The adjustment amount to be taken into account on each invoice is limited to the higher of the following values:

  • 25% of the average consumption for the 6 months preceding the adjustment invoice
  • EUR 5

This special rule does not apply if there is no history of consumption equal to or greater than six months in relation to the invoice adjustment and in the case of lump sum payment modalities.


Do I have to pay the audiovisual tax (CAV)?

Yes. The purpose of the audiovisual tax is to finance public radio and television, but the law stipulates that this financing is guaranteed by including the audiovisual tax in the electricity invoice.

The following consumers are exempt from paying the CAV:

  • Consumers whose annual consumption is less than 400 kWh.
  • Consumption of agricultural activities in groups 011/015, division 01, section A of the CAE (the Portuguese Classification of Economic Activities).

The value of the CAV is set annually in the State Budget (currently EUR 2.85). Consumers with a social tariff pay a reduced amount (EUR 1).


What is the operating fee of the Directorate-General for Energy and Geology (DGEG)?

It is a fee paid to the State, charged on the electricity invoice for the use and operation of electrical installations. It has a fixed value and is determined by the DGEG.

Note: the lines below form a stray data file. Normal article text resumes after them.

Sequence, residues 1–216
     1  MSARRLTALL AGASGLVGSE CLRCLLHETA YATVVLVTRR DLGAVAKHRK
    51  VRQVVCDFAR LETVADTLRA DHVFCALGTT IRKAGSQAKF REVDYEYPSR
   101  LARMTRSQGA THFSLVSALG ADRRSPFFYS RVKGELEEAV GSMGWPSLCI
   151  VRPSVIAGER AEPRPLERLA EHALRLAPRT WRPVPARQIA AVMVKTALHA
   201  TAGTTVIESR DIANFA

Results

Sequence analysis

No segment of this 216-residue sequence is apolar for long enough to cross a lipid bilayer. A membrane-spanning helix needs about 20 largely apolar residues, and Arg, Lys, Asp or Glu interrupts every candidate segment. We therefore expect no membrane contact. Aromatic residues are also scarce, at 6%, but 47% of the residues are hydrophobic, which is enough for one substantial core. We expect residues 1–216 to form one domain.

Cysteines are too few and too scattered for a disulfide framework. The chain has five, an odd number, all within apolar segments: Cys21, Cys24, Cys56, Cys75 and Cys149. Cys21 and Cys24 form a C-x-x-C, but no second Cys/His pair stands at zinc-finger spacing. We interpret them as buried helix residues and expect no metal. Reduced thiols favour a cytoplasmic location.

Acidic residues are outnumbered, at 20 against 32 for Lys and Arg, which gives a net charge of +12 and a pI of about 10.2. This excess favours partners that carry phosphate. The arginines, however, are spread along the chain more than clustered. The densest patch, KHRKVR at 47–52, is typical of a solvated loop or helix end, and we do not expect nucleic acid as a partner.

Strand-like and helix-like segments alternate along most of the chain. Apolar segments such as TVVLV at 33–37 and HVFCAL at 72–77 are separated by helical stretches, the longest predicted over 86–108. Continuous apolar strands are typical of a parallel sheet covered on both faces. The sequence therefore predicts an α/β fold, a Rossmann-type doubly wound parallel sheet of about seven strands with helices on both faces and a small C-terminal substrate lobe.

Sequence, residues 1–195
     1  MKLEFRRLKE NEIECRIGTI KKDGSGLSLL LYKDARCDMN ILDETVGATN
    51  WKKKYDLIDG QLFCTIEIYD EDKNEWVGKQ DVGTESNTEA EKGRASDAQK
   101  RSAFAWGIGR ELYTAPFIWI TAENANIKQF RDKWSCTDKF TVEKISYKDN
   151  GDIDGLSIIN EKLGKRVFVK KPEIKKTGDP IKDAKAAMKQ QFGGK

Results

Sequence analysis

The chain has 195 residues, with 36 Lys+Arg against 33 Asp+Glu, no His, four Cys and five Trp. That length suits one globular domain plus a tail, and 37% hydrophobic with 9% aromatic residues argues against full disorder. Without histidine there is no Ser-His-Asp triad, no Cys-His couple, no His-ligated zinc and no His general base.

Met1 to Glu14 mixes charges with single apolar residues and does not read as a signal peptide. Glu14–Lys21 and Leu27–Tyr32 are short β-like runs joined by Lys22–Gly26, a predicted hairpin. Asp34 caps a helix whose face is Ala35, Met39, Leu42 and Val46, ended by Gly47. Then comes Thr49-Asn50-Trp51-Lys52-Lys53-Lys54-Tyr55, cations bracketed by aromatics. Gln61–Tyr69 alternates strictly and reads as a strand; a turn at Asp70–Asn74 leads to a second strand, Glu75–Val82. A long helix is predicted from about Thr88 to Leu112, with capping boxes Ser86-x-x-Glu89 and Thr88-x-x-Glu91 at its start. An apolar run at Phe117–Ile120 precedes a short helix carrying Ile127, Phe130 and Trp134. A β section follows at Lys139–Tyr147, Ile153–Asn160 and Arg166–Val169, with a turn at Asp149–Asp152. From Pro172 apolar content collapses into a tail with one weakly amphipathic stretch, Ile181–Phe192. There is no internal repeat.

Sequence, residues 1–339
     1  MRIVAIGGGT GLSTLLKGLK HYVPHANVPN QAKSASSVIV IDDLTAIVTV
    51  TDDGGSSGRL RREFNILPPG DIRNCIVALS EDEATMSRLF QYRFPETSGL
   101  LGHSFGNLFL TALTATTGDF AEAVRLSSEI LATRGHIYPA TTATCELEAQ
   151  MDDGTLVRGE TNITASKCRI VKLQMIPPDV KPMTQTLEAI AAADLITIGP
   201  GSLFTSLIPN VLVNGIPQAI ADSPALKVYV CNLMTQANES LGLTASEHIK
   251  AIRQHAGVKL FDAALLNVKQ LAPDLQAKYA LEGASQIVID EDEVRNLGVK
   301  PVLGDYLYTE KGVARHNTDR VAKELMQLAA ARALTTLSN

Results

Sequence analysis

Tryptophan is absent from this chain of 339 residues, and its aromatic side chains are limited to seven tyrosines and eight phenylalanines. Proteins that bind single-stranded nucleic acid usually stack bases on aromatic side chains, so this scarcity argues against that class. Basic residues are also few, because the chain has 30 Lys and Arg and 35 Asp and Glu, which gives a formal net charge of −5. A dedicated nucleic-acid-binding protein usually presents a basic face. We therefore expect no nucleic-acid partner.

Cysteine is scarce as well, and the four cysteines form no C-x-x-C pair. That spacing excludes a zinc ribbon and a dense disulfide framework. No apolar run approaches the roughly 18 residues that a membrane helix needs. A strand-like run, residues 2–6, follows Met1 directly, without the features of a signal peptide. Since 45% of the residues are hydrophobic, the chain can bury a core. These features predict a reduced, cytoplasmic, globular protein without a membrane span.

What are costs of general economic interest (CGEI)?

These costs relate to the country’s energy policy, such as the rents paid by electricity companies to municipalities, the extra costs of producing electricity from renewable and non-renewable sources, or the convergence of tariffs between mainland Portugal and the Autonomous Regions of the Azores and Madeira. They are not regulated by ERSE, but are included in the final price paid by the consumer in the electricity invoice.


What is the electricity excise duty (IEC)?

It is a sub-category of the Petroleum and Energy Products Tax (ISP). It was introduced in 2012 and is included on electricity invoices. Find out the value of the IEC.


Do invoices lapse/expire?

Yes. The electricity supplier’s right to receive payment for the service provided lapses within six months of supply.

If, for whatever reason, the consumer has paid less than the amount consumed, the supplier’s right to receive the difference expires six months after the first payment.

In order for the limitation periods and expiry to have their intended effect, the consumer must expressly invoke his/her right near the supplier (preferably in writing).

If the invoice has already been paid, later invoking does not oblige the supplier to return the amounts already paid.

Monthly lump sum agreements may also prevent the right to payment of the difference from lapsing, with the amounts submitted as a billing adjustment at the end of the agreement remaining outstanding.